Graham's number is a famous number that is typically thought of as an upper-bound to the solution of a problem in Ramsey theory, a field of mathematics dealing with the minimal conditions in which certain conditions must necessarily arise. The problem asks, what is the minimum number of dimensions N of a hypercube such that all 2-colorings of all vertex pairs of the hypercube would necessarily have a coplanar complete graph of 4 vertices? That problem sounds complicated, but it's actually quite simple. Read the article on Graham's number for an explanation of the problem.

Here is the definition of Graham's number:

G(n)=3{G(n-1)}3

G(1)=3^^^^3

Graham’s number = G(64)

Or more visually:

G(1)=3^^^^3

G(2)=3^^^...^^^3 with G(1) ^s

G(3)=3^^^.....^^^3 with G(2) ^s

...

Graham’s number is G(64), or G for short. This number is famous because it was at one time the largest number used in any serious mathematics, which basically means the largest number to most people. The number was made famous in an article by Martin Gardner describing the number, and it even found its way to Guinness World Records, replacing Skewes' numbers (both have entries earlier in part 3). Because Gardner made this version of Graham's number famous, Robert Munafo calls this number the Graham-Gardner Number.

Graham's number did indeed appear in a mathematical proof in Ramsey theory by mathematician Ronald Graham in 1977, as an upper bound in a problem where the lower bound was six. However, the story is different from what most people think. The original Graham's number was Little Graham, the number that appeared in the 1971 proof. When Martin Gardner noticed the problem where Graham's number arose, he was intrigued by its size, and decided to devise an easier-to-explain but larger number that Graham proved in an later unpublished paper to share to the world. Therefore the number we know as Graham's number is more attributable to Gardner than Graham!

Nonetheless, Graham's number made it to Guinness World Records as the largest number used in a mathematical proof. Both bounds have since been improved, the high one from Little Graham to the relatively humble 2^^2^^2^^9, and the low one to 11 and then to 13. Many people still seem to think that Graham's number is still the best upper-bound, even though it never was.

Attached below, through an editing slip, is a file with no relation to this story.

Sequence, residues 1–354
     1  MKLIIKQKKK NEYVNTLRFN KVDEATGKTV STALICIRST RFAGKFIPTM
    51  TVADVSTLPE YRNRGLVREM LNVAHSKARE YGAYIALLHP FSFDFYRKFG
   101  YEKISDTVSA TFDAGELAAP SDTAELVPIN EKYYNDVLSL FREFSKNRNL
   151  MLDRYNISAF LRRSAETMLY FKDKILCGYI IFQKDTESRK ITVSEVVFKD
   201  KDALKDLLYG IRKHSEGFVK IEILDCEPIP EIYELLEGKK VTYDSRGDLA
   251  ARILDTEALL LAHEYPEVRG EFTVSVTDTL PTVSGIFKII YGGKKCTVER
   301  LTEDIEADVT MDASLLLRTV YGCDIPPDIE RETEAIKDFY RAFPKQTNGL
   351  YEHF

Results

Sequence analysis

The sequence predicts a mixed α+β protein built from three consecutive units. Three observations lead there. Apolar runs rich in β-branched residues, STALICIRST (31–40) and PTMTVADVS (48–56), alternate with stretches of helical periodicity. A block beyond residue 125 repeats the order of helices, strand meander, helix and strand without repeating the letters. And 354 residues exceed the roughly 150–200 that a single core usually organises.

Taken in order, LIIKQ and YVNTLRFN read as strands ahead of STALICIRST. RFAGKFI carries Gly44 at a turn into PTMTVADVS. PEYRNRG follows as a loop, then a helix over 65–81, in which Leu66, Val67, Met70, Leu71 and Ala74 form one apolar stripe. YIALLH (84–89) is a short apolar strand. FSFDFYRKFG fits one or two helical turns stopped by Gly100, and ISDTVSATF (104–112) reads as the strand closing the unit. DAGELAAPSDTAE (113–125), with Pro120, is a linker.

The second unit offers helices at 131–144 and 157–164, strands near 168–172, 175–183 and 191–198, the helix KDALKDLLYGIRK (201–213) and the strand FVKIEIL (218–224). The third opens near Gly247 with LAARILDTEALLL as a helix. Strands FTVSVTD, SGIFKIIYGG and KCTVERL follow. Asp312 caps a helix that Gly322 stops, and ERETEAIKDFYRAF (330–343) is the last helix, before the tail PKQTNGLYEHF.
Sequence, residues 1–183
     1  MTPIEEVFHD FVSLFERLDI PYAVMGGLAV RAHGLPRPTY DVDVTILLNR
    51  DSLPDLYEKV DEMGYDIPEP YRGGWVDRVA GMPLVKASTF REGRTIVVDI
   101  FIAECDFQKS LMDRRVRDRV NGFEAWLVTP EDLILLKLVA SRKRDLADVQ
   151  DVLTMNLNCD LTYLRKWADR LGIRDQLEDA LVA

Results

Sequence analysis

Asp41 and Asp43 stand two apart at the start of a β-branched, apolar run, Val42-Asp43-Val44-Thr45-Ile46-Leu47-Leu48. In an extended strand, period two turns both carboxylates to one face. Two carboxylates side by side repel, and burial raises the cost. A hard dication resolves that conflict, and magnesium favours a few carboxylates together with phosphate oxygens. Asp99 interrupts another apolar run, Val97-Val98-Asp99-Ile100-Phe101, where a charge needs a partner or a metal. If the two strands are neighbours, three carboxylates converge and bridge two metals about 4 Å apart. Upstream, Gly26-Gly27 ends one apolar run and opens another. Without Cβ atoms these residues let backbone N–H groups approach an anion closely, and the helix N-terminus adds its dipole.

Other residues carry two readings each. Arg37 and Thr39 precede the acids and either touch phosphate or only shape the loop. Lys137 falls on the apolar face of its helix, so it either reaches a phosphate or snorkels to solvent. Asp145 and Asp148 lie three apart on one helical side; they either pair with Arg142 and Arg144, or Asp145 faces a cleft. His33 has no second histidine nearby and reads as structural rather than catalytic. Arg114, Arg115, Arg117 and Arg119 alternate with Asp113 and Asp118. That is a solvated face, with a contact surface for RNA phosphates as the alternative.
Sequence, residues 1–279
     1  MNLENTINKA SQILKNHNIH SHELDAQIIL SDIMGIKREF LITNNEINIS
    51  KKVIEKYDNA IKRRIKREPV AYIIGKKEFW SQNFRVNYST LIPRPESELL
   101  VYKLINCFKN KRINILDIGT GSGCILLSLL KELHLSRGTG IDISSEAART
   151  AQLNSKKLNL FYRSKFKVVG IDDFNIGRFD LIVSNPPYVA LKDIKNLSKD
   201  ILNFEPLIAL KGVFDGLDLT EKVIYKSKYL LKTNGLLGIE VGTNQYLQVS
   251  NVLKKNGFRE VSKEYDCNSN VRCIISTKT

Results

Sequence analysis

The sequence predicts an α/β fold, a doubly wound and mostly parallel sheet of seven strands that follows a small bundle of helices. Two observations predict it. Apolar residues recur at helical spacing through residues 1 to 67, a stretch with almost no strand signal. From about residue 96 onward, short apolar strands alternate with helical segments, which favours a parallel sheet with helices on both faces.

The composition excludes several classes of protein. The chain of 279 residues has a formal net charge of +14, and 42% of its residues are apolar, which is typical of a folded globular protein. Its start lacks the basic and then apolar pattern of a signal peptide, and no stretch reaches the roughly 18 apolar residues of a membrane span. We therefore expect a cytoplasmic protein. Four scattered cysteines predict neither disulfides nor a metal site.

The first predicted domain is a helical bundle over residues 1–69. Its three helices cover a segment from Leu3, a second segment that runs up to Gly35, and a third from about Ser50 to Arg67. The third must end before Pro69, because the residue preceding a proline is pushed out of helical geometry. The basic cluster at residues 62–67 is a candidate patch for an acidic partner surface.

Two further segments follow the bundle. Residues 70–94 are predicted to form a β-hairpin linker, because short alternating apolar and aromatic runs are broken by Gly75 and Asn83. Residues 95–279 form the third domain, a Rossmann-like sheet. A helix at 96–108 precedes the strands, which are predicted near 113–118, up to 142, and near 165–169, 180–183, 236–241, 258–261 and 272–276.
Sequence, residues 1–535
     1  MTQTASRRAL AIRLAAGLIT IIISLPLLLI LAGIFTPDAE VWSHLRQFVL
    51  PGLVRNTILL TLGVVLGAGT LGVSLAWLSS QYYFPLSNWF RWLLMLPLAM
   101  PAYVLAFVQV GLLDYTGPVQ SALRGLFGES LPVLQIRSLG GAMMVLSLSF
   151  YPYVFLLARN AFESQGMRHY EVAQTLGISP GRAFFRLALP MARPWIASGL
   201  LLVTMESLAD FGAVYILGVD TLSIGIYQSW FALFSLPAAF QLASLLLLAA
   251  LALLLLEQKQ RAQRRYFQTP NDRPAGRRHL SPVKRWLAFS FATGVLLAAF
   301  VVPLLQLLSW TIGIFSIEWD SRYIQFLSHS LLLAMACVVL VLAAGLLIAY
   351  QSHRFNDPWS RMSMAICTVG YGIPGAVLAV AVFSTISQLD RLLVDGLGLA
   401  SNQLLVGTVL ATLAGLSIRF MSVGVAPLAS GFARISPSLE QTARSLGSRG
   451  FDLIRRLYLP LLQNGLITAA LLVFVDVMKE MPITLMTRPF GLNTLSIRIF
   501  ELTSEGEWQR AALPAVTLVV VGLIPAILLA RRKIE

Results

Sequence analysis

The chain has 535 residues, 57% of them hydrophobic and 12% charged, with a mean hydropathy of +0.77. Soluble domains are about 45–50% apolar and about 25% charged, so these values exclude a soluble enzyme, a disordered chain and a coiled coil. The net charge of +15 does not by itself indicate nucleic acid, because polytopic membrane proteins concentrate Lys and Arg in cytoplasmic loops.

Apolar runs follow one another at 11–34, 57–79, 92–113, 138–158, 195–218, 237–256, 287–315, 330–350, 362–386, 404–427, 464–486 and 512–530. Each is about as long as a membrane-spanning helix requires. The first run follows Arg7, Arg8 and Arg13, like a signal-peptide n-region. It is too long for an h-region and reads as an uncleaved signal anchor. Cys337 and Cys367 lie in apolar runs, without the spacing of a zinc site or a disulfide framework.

Now, there are larger numbers used in mathematics which have dethroned Graham, such as TREE(3), SCG(13), and other terms in far-reaching sequences. Nevertheless, Graham’s number remains famous, and is still mistakenly thought by many as "the largest useful number". This is because the "largest number used in a mathematical proof" title was taken off of Guinness World Records in 1980, not long after Graham's number was created. That's a shame, because now more people can't hear of bigger better numbers like TREE(3), which is actually better than Graham's number since it isn't an upper bound, but an actual answer to a fairly simple problem that ends up surprisingly huge (and mind-crushingly larger than Graham's number mind you) - but in all fairness, TREE(3) is much harder to explain than Graham's number. In fact, the hype about Graham's number is not entirely a bad thing - Graham's number can be seen as an eye-opener, a relatively simple number that grasps newcomers' attention, introducing people to the wonderful world of googology.

An interesting fact about Graham's number is that even though it's WAY too huge to compute, we can use modular exponentiation to find its last digits without too much trouble - this is because Graham's number is a gigantic power tower of threes. The last 500 digits of Graham's number are:

02425950695064738395657479136519351798334535362521 43003540126026771622672160419810652263169355188780 38814483140652526168785095552646051071172000997092 91249544378887496062882911725063001303622934916080 25459461494578871427832350829242102091825896753560 43086993801689249889268099510169055919951195027887 17830837018340236474548882222161573228010132974509 27344594504343300901096928025352751833289884461508 94042482650181938515625357963996189939679054966380 03222348723967018485186439059104575627262464195387

These digits don't just end Graham's number, but they also end G(63), G(62), G(61), ... G(3), G(2), and even G(1) and 3^^^3. In fact, those end any power tower of over 500 3’s, such as G(65), G(66), G(67), ... G(G(64)), and bigger 3-based googolisms like tetratri, ultatri, latri, dimentri, triakulus, or the outrageous big boowa.

G(64)*10^10^100